Noble’s senior creditors, represented by the ad hoc group, or AHG, wrote a letter to the troubled commodity trader’s executive chairman, which was filed to SGX on Monday, outlining its support for the restructuring and its review of accounting practices.
The AHG noted in the letter, which was dated last week, that the restructuring deal calls for senior creditors and certain other stakeholders to commit US$800 million of new capital and reinvest US$250 million of company cash balances from asset sales into the trading arm of “New Noble,” which will be the post-restructuring entity.
That was “a strong statement of support regarding the future potential of the business,” the letter said.
It also pointed to questions from “certain public commentators,” which it did not name, about the financial statements of Old Noble.
Due diligence of accounting
“As part of their review of restructuring alternatives, and solely for their own account, the AHG and its financial advisors conducted a financial and business diligence exercise giving specific attention to matters raised by public critics,” it said.
“The AHG accepted the Ernst & Young audit opinions, the E&Y audited historical financial statements and the PWC report on accounting policies at face value,” as part of the review, it said.
The letter added that balance sheet write-downs over the past year have “conservatively recalibrated” the valuations of assets, with the AHG expected the New Board to take a similar conservative approach ahead.
It was also positive on a deal that took a contentious and controversial route toward the finish line.
“Following a long and arduous process, the company and its stakeholders negotiated a win-win deal where the company will obtain a fresh start, existing shareholders will receive an extremely high recovery based on precedent (as opposed to getting nothing), and creditors will avoid the potential costs and delays associated with a court monitored insolvency process,” the letter said.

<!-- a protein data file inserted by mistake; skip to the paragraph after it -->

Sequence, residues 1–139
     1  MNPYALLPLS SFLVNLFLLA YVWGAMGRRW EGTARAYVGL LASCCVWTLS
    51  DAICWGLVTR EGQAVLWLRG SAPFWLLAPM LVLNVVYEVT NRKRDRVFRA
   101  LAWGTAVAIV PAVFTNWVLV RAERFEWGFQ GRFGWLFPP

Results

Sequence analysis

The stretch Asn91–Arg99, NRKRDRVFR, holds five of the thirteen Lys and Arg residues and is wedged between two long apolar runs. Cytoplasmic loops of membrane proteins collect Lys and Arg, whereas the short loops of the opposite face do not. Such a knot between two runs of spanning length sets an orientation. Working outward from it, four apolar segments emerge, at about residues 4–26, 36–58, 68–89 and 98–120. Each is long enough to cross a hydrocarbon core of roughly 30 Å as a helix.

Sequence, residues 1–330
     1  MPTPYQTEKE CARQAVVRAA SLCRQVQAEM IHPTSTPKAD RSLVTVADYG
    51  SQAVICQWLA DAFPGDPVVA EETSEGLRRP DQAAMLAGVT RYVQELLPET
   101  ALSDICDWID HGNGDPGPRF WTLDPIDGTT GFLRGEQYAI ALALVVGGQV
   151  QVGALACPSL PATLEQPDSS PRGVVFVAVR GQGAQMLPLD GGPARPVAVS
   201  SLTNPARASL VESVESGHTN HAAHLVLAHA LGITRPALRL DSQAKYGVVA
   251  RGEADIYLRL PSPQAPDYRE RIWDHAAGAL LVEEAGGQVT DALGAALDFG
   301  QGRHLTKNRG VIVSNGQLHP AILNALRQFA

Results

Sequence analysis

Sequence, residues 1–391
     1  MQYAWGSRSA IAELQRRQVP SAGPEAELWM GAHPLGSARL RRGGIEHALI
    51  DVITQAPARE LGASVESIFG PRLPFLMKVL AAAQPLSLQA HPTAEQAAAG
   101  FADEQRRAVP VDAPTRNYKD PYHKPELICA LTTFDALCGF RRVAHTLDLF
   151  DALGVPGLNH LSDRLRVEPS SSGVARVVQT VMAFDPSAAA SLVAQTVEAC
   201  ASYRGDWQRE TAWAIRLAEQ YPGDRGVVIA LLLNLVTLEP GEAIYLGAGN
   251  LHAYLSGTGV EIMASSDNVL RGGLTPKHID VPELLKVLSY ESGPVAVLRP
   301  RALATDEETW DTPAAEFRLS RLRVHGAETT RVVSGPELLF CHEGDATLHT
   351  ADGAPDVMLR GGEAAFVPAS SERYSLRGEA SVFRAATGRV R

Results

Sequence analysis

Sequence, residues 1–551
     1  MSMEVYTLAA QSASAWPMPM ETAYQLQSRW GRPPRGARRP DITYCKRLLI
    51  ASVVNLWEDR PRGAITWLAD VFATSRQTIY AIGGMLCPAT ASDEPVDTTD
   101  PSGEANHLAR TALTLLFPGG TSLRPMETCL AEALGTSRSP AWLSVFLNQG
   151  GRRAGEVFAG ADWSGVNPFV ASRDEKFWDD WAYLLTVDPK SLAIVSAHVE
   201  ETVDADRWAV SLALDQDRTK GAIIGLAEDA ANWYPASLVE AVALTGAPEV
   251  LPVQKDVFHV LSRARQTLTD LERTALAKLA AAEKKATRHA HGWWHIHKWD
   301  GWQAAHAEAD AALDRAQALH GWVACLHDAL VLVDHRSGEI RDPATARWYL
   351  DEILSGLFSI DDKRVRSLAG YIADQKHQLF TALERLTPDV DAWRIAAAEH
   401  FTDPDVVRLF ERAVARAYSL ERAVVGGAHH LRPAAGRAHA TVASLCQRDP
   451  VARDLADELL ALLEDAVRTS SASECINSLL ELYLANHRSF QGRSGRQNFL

‘Well-positioned’ for turnaround plan
The AHG said New Noble would be “well-positioned” to execute it turnaround plan, with a focus on the market segments where it has historically been most profitable — energy coal, met coke, carbon steel materials, LNG and aluminum — and with a “world-class” New Board.
The AHG also noted that corporate restructuring activity has not been as prevalent in Asia as in Europe and the U.S., adding that the Noble deal was an “important milestone” for developing regional best practices. It said that the transaction has helped to spur changes to Singapore’s legal and regulatory infrastructure to manage corporate defaults.
“The Noble Restructuring gives an initial look at how things may play out and, based on that, it appears Singapore is ‘open for business’ when it comes to complex, cross-border restructurings,” the letter said.
In a separate filing to SGX before the market open on Monday, Noble Group said that it expected to complete the disposal of two vessels, Ocean Ambition and Ocean Forte, soon, with aggregate proceeds of the four Panacore vessels at around US$95 million. That will allow Noble to retire around US$63 million in debt, with aggregate net proceeds of US$32 million, it said.
It noted that its underlying selling, administrative and operating (SAO) expenses have continued to decline amid Noble’s cost-reduction efforts.
Noble also said it was finalizing the documentation to begin parallel schemes of arrangement in England and Bermuda to implement the restructuring, with the schemes intended to be launched by 21 September.
““We are making strong progress towards the completion of the restructuring. There has been positive momentum since we received shareholder approval to proceed with the restructuring,” Paul Brough, chairman of Noble, said in the filing.